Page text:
Sunday, January 24, 2010

Oysters a la Nicholas

Know your food:  Oysters are bivalve mollusks, of the family Ostreidae.  True oysters (the edible ones) are not pearl-producing, so forget finding a present for your girlfriend at your local raw bar.  Like all bivalves, they are filter feeders, which means that they draw water into them, pass the water through a gill or other structure and pull out food and nutrients while expelling the water, which prevents excess algae growth.  They're also delicious!

Stephanie and I love oysters.  We are partial to the classic accompaniments - a squeeze of lemon for Steph, some mignonette for me.  Our favorite place to get oysters is at Dock's Oyster House in Atlantic City, but we are definitely not averse to ordering them at other finer restaurants.  Naturally, we've ordered them at Restaurant Nicholas, and we've been amazed at the balance of flavor and texture, generated by what appeared to be a surprisingly small amount of garnish.  I was pleasantly surprised as to the secret of their amazing flavor - they are 'marinated' in a pickling brine!  I love pickling food!


I get my oysters from Woolley's Fish Market on Route 9 in Freehold - as good of a fishmonger (that's for you, Steve) as you'll find anywhere.  The guys there were nice enough to shuck them for me - I'm not proficient with an oyster knife and I didn't want to end up with one sticking out of my palm, unlike the cocky bastard in front of me who bought 10 dozen top neck clams & 2 clam knifes and said that he'd 'figure it out.  I rinsed the oysters of dirt and muscle and shell and kept them swimming in their 'liquor', while I cleaned the shells for presentation by giving them a bath in some boiling water and scrubbing the hell out of them to have a smooth and clean inner shell.

 
The spices in the marinating mixture were star anise, black peppercorns (in place of the Szechuan peppercorns I couldn't seem to find) and whole cloves.  Those went into the pot with some rice vinegar, sugar fennel and carrot trim to simmer.  The trim came from my semi-awesome brunoise, of which I have another lame stylish-type picture (I'm taking these pictures in Digital Macro mode, and they seem to be alright.  It'd be better if I knew what all the numbers and acronyms on my camera meant).  The pickling mixture was then strained, combined with the brunoise, poured over the oysters and stuck in the fridge.  After they cool, I spooned them back into the shells, topped them with some minced chive and red onion and a dollop of creme fraiche, and prepared to chow down.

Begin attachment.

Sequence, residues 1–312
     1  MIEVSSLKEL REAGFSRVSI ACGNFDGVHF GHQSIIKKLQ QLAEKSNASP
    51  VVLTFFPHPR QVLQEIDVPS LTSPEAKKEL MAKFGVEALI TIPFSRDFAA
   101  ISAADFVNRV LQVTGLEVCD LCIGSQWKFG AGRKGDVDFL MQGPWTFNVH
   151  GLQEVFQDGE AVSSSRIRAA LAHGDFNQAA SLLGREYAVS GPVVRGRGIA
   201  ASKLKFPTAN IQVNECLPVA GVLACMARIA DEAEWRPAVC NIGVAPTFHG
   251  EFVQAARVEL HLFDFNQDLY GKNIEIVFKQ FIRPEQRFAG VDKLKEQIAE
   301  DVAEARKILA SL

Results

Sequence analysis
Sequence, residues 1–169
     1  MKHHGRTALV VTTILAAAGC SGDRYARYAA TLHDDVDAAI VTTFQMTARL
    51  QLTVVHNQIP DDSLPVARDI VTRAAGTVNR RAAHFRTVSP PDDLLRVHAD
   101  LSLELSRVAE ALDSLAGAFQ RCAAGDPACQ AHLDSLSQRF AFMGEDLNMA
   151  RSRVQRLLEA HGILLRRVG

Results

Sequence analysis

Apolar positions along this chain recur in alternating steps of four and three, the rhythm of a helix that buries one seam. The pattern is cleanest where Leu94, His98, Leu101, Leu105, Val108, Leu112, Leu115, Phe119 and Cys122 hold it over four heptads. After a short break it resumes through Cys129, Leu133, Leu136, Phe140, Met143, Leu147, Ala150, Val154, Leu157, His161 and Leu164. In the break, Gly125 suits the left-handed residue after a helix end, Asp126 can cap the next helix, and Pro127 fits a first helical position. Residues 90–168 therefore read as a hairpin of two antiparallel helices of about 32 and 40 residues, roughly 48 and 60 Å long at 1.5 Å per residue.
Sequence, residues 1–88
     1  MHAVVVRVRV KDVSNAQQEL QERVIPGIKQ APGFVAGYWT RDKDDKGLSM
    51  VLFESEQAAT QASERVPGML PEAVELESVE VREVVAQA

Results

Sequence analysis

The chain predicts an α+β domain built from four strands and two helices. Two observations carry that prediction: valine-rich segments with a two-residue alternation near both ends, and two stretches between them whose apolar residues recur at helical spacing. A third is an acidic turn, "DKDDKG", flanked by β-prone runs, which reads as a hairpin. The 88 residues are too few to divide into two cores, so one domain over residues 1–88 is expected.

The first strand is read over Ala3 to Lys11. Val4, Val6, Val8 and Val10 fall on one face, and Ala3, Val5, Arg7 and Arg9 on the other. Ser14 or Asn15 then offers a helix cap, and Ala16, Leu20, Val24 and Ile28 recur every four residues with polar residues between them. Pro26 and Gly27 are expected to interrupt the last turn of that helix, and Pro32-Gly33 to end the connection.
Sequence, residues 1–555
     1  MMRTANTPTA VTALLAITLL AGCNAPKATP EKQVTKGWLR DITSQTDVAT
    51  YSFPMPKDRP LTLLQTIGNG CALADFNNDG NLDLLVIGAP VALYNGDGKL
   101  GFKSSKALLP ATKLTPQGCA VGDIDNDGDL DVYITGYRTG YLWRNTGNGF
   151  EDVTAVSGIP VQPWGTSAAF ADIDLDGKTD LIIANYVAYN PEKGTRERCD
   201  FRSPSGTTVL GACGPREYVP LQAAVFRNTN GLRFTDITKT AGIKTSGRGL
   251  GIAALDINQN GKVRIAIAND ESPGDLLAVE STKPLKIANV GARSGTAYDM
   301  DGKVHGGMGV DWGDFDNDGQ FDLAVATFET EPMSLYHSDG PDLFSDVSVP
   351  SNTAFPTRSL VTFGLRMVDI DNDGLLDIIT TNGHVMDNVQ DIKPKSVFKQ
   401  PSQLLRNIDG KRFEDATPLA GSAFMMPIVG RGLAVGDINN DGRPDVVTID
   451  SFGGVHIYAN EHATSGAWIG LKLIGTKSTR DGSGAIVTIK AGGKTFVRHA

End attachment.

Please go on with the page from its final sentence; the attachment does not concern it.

Like my blog buddy Rob likes to do, a picture to try and match the book:




I've got to give tons of credit to Chef Nicholas and Peter Zuorick, as this recipe came out exactly the way the dish tastes when made at the restaurant.  Everything was in perfect balance, and the flavors were out of this world.  Here's Steph and I, toasting the bittersweet end of football season with the hope of even more success for our J-E-T-S next year.  You can tell we really love our oysters since we devoured 2 dozen them even though we were stuffed from all the food we ate during the game.

This is definitely a recipe that will be made again (and again and again) in the future!

2 comments:

Stepha said...

The aroma of the sauce from the stove was intoxicating. My mouth was watering and I was in agony, knowing I couldn't eat them until hours later.

Ms. Meg said...

Your knife skills are looking stellar, Rosey! And this looks absolutely beautiful and delicious!